United States District Court, S.D. California
ORDER: (1) DENYING INTUBRITE'S MOTION TO QUASH SUBPOENA; AND
(2) GRANTING IN PART AND DENYING IN PART EDU-USA'S MOTION TO COMPEL [ECF Nos. 121, 122]
JILL L. BURKHARDT, District Judge.
Presently before the Court is Defendant IntuBrite's ("IntuBrite") Motion to Quash Subpoena (ECF No. 121), and Plaintiff Edu-Science's ("Edu-USA") Motion to Compel Production of Documents (ECF No. 122). For the reasons set forth below, the Motion to Quash Subpoena is DENIED and the Motion to Compel is GRANTED in part and
DENIED in part.
On February 16, 2013, Edu-USA sued IntuBrite for breach of contract. (ECF No. 2.) In its First Amended Complaint, Edu-USA alleges that IntuBrite breached its contract to purchase custom-manufactured instruments for tracheal intubation from Edu-USA. (ECF No. 97 at 5.) According to Edu-USA, although IntuBrite paid for some of the product, IntuBrite did not fulfill its obligations under the contracts. (Id. )
IntuBrite, in its First Amended Counterclaim, alleges that the products delivered were defective and untimely. (ECF No. 99.) IntuBrite further claims it paid fully for the products it actually received. (Id. at 5.) IntuBrite asserts seven claims against Edu-USA and Counter Defendant Edu-Science (HK) LTD ("Edu-HK"): (1) breach of contract; (2) breach of the implied warranty of merchantability; (3) negligence; (4) intentional interference with prospective economic advantage; (5) negligent interference with prospective economic advantage; (6) intentional misrepresentation of fact; and (7) negligent misrepresentation of fact. (ECF No. 99.)
Edu-HK, in its Third Amended Cross-Complaint, asserted three claims against IntuBrite and Cross Defendant Robert Hicks: (1) intentional misrepresentation; (2) fraudulent non-disclosure; and (3) negligent misrepresentation. (ECF No. 98.) On March 10, 2015, Edu-HK's Third Amended Cross-Complaint was dismissed without prejudice for failure to properly allege falsity. (ECF No. 118 at 5.)
On March 23, 2015, this Court issued a Minute Order setting a briefing schedule for cross-motions to resolve the parties' pending discovery disputes. (ECF No. 120.) On March 27, 2015, Edu-USA filed a Motion to Compel Production of Documents and IntuBrite filed a Motion to Quash Subpoena. (ECF Nos. 122, 121.)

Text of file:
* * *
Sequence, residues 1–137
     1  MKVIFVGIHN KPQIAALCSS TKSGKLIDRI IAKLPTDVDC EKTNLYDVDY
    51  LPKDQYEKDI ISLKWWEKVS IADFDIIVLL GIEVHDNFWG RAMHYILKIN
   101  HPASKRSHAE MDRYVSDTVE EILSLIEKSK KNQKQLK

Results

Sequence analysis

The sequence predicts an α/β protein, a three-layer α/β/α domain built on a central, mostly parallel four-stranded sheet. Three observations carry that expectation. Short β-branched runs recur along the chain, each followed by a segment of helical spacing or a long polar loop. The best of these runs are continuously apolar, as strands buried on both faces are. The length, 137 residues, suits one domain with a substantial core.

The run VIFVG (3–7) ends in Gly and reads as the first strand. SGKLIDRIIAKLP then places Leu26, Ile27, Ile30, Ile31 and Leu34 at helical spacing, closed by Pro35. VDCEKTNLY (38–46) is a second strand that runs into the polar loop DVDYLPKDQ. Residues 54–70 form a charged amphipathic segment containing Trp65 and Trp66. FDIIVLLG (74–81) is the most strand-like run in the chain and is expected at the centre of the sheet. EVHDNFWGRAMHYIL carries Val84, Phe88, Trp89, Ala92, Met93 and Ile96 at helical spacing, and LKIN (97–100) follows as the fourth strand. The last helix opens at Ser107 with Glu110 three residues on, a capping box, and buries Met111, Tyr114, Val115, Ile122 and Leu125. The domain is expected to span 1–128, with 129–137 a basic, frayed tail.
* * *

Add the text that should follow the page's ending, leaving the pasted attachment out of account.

II. THE INSANT MOTIONS
A. Motion to Compel
Edu-USA's Motion seeks a Court order compelling IntuBrite to produce documents responsive to six Requests for Production ("RFPs"): 135; 136; 139; and 140-142. (ECF No. 122-1.) The RFPs can be organized into three categories. RFP No. 135 seeks financial statements. (Id. at 4.) RFP Nos. 136 and 140-142 seek sales projections and sales forecasts. (Id. at 5-6.) And RFP No. 139 seeks customer lists. (Id. at 6.) Edu-USA argues that these requests seek relevant information and that such discovery is necessary to allow it to rebut IntuBrite's counterclaims for damage to customer relationships and lost future profits. (Id. at 5.) Furthermore, such discovery is necessary to allow Edu-USA to "fully and completely respond to and cross-examine IntuBrite's expert testimony [regarding] damages." (Id. at 4.)
IntuBrite argues that the documents sought are irrelevant and that the requests violate IntuBrite's right of privacy. (ECF No. 123 at 2-5.) "While the privilege that protects financial and proprietary information is not absolute, where there is no doubt that the information requested implicates traditional notions of what is private information, the burden is on the requesting party to demonstrate that the information needs of the case outweigh the need for non-disclosure." (Id. at 5 (citing Davis v. Leal, 43 F.Supp.2d 1102, 1110 (E.D. Cal. 1999).) IntuBrite argues that Edu-USA fails to meet this burden. (ECF No. 123 at 5.)
B. Motion to Quash
IntuBrite moves to quash Edu-USA's Subpoena that requests, "without limitation of any kind, all IntuBrite's financial records from... third party [Moss Adams LLP]." (ECF No. 121 at 1.) The subpoena requests "[a]ll documents, financial records, financial documents and financial statements relating to or pertaining to IntuBrite, LLC." (Id. (citing Exhibit 1).) IntuBrite objects on the grounds that the subpoena: (1) seeks irrelevant information; and (2) violates IntuBrite's right to privacy. (Id. at 2-5.)
Edu-USA argues that the documents sought are relevant to the claims and counterclaims in the instant action and that IntuBrite's privacy concerns do not outweigh Edu-USA's interest in ...